Occasional Lizards

Remembering an imaginary place from a simpler time of life.

In the neighborhood where we both did some of our growing up is an old playground.  You remember it, the little park where everybody takes their kids when they all need some fresh air and time to think.  It was one of the first things we mentioned when we discovered that we had both lived around there.  It's between a building with a brick wall and two old, old weeping willows, so it's mostly shady during the day.  The kids can play in the sand pit, on the see-saw, or on the tire swing.  That's not many options, but nobody ever seems to mind waiting for a turn.  They blow bubbles, hum songs, or tangle their friends' fingers up in complicated patterns of white string.

Two paths of flat walking stones form an X (almost), defining the corners of the playground.  Sometimes kids play with bouncy balls along the paths, seeing which way they'll go if they throw them straight or trying to bounce them as high as they can.  I used to try to guess how many of me would fit between the ground and the top of the ball's bounce, standing on each other's shoulders.  After three of you, it's hard to tell, and shouldn't that top one be holding on to something?  I must have had a dozen little balls like that.  I remember a pale green one that got dirty really easily.  When it had a good number of scratches and tiny divots, I'd hold it up to my window after I went to bed and imagine that it was the moon. 

There are five or six benches around the playground, all facing different directions.  The layout would look odd and unplanned if you drew a diagram of it, but it feels just right when you're there.  The benches are made of sturdy boards, painted dark green, between white concrete arms.  They look like they'll last forever.  Their angle invites you to lean back, let out a long breath, and pay attention to what happens next.  Each bench has a few dates and initials scratched into it, a singer's name (well, one:  "Sinatra"!  Really!), or sometimes a pair of initials around an awkward heart.  J.B. loves O.K.  Around ten in the morning, the sun is high enough to come through the leaves, and the light hangs in a field about a foot off the ground, drawing the place together.  That's also about the time, if you watch closely, that you might see a small rock lizard dart across the low stone wall next to the sand pit.  They gather up their will into a ball, get ready, and go for it.  For the two or three seconds that they're out, they're nothing but a speedy little shadow.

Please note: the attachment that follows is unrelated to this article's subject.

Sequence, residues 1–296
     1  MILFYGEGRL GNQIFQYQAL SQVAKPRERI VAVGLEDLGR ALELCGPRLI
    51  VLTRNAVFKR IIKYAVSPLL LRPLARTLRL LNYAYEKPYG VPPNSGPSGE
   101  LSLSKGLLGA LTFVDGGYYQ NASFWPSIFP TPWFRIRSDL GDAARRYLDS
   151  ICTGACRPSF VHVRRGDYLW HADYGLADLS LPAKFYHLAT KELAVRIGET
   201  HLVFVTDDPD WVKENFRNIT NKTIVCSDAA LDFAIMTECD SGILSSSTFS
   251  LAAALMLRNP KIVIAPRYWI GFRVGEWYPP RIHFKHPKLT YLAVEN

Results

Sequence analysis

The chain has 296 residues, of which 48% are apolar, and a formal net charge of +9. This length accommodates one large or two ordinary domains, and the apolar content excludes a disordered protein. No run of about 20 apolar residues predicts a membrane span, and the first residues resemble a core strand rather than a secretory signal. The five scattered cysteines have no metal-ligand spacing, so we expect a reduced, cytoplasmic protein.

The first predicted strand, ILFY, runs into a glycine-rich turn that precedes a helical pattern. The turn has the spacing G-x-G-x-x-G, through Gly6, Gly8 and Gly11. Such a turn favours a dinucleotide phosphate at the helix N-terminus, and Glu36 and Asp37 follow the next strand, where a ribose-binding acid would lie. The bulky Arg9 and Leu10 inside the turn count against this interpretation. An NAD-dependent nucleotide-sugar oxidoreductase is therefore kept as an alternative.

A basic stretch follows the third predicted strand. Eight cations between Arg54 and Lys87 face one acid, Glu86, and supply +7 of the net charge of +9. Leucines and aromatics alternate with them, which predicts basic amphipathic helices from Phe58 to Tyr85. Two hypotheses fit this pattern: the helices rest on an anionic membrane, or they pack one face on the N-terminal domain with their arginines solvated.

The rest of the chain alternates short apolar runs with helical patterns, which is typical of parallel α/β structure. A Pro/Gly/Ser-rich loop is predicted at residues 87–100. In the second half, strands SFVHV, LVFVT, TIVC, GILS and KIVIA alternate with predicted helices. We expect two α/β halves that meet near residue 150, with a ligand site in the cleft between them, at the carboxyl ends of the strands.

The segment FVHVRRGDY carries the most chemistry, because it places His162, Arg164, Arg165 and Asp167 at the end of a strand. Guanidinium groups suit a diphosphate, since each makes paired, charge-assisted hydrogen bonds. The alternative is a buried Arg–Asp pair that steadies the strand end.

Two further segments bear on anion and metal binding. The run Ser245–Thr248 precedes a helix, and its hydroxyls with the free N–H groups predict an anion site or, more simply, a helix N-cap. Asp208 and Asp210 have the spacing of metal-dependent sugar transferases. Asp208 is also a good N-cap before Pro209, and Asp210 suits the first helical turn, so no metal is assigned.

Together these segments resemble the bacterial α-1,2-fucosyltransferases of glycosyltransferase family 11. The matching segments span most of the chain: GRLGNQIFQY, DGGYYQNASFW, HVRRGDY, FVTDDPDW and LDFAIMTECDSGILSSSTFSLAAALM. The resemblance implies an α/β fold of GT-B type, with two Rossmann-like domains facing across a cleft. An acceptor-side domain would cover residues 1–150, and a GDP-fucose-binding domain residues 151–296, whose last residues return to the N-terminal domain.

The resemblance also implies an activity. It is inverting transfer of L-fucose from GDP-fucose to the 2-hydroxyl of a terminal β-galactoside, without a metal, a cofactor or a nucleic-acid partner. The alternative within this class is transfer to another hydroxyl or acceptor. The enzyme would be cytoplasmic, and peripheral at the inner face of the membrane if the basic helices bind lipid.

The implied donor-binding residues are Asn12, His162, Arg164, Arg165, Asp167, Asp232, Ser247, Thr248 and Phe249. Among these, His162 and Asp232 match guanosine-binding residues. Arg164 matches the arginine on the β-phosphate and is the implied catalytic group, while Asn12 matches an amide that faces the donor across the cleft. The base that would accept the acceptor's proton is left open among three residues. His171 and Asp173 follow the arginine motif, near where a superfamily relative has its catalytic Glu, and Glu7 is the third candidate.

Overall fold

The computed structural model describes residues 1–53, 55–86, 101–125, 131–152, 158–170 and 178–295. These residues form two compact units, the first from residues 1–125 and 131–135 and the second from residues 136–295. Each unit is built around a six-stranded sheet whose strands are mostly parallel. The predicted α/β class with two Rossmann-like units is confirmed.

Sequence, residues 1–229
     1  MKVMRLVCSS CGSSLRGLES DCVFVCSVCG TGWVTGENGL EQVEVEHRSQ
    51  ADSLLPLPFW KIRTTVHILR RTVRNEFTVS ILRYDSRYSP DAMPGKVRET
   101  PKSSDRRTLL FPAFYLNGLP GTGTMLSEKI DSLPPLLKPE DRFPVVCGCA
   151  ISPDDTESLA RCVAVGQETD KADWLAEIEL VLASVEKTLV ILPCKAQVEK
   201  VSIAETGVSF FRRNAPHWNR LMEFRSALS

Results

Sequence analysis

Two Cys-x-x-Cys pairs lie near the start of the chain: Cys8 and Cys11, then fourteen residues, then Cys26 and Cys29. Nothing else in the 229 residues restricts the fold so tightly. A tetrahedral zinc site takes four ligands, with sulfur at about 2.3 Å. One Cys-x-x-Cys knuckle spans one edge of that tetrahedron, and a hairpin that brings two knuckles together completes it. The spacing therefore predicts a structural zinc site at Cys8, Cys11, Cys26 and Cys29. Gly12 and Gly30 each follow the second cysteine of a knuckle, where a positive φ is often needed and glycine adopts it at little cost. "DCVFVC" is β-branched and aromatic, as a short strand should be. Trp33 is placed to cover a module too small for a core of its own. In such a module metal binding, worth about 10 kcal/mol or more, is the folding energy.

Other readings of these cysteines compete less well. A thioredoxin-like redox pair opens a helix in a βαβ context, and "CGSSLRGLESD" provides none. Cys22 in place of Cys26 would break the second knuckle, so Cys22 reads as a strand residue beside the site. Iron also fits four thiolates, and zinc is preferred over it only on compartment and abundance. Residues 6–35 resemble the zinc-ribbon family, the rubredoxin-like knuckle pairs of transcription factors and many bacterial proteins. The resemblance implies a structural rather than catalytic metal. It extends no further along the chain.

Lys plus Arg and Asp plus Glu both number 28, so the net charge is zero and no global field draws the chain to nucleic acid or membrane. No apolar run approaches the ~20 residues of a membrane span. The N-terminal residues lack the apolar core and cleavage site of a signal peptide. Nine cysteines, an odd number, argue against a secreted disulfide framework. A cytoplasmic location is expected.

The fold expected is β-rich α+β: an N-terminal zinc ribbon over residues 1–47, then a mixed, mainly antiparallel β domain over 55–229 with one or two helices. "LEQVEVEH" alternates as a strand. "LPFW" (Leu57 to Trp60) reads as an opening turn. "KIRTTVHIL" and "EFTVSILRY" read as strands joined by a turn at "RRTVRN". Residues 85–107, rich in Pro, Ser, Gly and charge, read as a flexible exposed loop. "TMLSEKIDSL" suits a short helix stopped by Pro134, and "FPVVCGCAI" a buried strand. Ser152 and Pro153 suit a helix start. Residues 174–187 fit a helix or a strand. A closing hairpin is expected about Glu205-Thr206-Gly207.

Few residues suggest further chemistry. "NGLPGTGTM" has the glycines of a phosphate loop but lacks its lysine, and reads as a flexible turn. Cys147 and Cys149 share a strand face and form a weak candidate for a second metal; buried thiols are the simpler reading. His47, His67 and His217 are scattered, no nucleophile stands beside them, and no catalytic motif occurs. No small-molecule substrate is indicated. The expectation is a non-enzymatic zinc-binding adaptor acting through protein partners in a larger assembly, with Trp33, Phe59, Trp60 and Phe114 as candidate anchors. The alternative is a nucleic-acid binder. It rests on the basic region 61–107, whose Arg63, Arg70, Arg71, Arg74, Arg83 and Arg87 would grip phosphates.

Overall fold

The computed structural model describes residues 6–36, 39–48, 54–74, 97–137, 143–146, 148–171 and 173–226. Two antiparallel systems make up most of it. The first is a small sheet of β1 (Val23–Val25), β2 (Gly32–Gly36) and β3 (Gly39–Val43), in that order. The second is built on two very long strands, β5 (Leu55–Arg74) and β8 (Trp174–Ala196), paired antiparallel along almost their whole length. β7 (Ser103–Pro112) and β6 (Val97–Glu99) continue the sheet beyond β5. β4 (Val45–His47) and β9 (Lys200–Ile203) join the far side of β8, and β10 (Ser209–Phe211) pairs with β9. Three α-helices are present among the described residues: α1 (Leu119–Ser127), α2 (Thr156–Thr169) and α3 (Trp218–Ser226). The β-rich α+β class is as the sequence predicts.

I'm going to ask you to have lunch with me there next week, whenever you're free.  I'll bring celery sticks, wheat crackers, some hummus that I'll make myself, two cans of 7-Up, and licorice.  I'll have a peanut butter sandwich on rye, and I'll bring you a pita bread sandwich with cucumbers, tomatoes, hot sauce, and sprouts (even though I can't understand why you like them).  We'll linger a while after we eat, offering more memories of when we were young and staring out toward the road, weighing the rest of our questions against the ones we've already answered.  I hope I can hold your hand ... should I sidle mine up to it and poke your fingertips lightly first, or should I grab it, hold my breath for a second, and see what you do?  I promise that I will still be ready to be your friend if that doesn't fit your plans well.

How is this ever going to work?

The End

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